“The indispensable first step to getting the things you want out of life is this: decide what you want”. – Ben Stein
Relocating to a new community involves a lot of planning and attention to detail. Much attention goes into getting moved out, but getting moved in is just as important. Here are some of the things you’ll want to do once you arrive at your new home:
# 1: Unpack the essentials
With a little planning you can create an “open first” box or two that will have your essentials for the first few days. If you’re not moving everything yourself, plan for the possibility of arriving before your stuff does. Toiletries, medicine, a few changes of clothes, and basic kitchen items (such as a can opener, wooden spoon, cutting knife, one pot and one pan) are good examples of must-have items.
# 2: Help your pets acclimate
A move can leave pets excited and scared. If possible do not leave them unattended in the yard. Staying in their presence will be calming and lessens the chance of runaways.
# 3: Get the kids settled
If your things have arrived, help each child set up their bed and unpack one box of toys. Otherwise, get them excited about “camping” in their new home. Make sure you have a bag with their few favorite toys, or for teens and pre-teens some CD’s and books or magazines.
# 4: Go to the grocery store
Consider eating out the first night, and buy essential groceries on the way home. Focus on easy-to-make foods and quick snack items. Buy any cleaning supplies that you need (most chemicals should not be transported anyway). If you have a pet, buy any food and supplies not already in your “essentials” box.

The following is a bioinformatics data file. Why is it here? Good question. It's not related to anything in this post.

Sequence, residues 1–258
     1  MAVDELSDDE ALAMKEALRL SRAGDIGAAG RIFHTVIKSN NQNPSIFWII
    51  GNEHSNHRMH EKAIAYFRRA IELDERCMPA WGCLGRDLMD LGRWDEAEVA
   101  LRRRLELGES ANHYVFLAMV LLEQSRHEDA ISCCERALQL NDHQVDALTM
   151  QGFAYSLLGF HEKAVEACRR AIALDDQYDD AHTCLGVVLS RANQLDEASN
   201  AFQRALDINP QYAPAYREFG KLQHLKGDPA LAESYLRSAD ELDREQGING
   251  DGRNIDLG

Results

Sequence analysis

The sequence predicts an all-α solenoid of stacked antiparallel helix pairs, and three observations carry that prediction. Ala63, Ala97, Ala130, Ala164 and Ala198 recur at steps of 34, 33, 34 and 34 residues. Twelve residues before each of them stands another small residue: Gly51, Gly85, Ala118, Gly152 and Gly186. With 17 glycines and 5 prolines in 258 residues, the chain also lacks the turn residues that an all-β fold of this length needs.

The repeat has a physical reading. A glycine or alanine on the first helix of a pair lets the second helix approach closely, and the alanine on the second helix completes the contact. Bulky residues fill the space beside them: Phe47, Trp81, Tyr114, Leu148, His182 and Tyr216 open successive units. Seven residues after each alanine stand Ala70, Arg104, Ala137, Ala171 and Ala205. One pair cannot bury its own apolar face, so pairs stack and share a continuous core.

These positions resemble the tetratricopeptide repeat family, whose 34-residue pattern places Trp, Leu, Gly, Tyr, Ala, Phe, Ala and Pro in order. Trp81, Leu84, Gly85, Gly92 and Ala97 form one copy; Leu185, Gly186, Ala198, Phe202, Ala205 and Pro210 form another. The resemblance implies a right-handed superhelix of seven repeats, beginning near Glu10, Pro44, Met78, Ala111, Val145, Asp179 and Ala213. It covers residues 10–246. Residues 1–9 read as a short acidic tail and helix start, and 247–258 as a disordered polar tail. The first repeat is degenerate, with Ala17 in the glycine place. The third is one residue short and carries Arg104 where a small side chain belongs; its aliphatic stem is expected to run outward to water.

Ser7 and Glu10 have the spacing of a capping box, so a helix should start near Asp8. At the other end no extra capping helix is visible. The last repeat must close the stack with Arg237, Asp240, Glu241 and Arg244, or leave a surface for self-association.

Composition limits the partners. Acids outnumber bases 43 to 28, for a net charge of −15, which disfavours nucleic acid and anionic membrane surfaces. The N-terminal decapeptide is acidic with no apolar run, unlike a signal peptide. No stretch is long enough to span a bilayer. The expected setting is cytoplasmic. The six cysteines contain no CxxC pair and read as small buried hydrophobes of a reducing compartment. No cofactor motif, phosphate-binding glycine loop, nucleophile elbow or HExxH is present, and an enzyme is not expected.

# 5: Cover the windows
If your home doesn’t yet have the proper window coverings, hang sheets up to add privacy and security.
# 6: Set a finish line
Make a list specifying the order in which you will unpack and complete other moving-in tasks. Creating a time frame in advance will help keep you from feeling overwhelmed.
# 7: Get the lay of the land
Walk through your new home to check the heating, air conditioning, and electricity, as well as all appliances. Take your family on a walk through the neighborhood to learn your surroundings, and if possible meet your neighbors.
This is by no means everything you need to know about getting settled, but it’s a good place to start. I have more resources on relocation located on my website. If you have any questions about settling in to your new community, please give me a call.